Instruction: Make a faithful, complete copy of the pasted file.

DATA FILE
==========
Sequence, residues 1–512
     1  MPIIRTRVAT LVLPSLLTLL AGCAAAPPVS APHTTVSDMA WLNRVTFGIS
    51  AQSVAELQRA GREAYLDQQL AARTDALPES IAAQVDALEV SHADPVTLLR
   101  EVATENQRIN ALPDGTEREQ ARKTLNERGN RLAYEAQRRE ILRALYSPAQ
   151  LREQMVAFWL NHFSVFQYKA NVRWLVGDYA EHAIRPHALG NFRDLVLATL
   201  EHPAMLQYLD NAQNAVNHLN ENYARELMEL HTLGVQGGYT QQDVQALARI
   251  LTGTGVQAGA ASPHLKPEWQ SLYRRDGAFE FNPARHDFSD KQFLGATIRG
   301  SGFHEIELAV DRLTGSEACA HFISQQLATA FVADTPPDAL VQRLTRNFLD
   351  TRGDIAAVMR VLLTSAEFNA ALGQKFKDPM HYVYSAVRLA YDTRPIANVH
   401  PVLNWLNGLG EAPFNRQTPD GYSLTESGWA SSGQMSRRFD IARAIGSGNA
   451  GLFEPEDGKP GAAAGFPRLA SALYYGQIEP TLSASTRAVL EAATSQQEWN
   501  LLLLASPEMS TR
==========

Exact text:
Sequence, residues 1–512
     1  MPIIRTRVAT LVLPSLLTLL AGCAAAPPVS APHTTVSDMA WLNRVTFGIS
    51  AQSVAELQRA GREAYLDQQL AARTDALPES IAAQVDALEV SHADPVTLLR
   101  EVATENQRIN ALPDGTEREQ ARKTLNERGN RLAYEAQRRE ILRALYSPAQ
   151  LREQMVAFWL NHFSVFQYKA NVRWLVGDYA EHAIRPHALG NFRDLVLATL
   201  EHPAMLQYLD NAQNAVNHLN ENYARELMEL HTLGVQGGYT QQDVQALARI
   251  LTGTGVQAGA ASPHLKPEWQ SLYRRDGAFE FNPARHDFSD KQFLGATIRG
   301  SGFHEIELAV DRLTGSEACA HFISQQLATA FVADTPPDAL VQRLTRNFLD
   351  TRGDIAAVMR VLLTSAEFNA ALGQKFKDPM HYVYSAVRLA YDTRPIANVH
   401  PVLNWLNGLG EAPFNRQTPD GYSLTESGWA SSGQMSRRFD IARAIGSGNA
   451  GLFEPEDGKP GAAAGFPRLA SALYYGQIEP TLSASTRAVL EAATSQQEWN
   501  LLLLASPEMS TR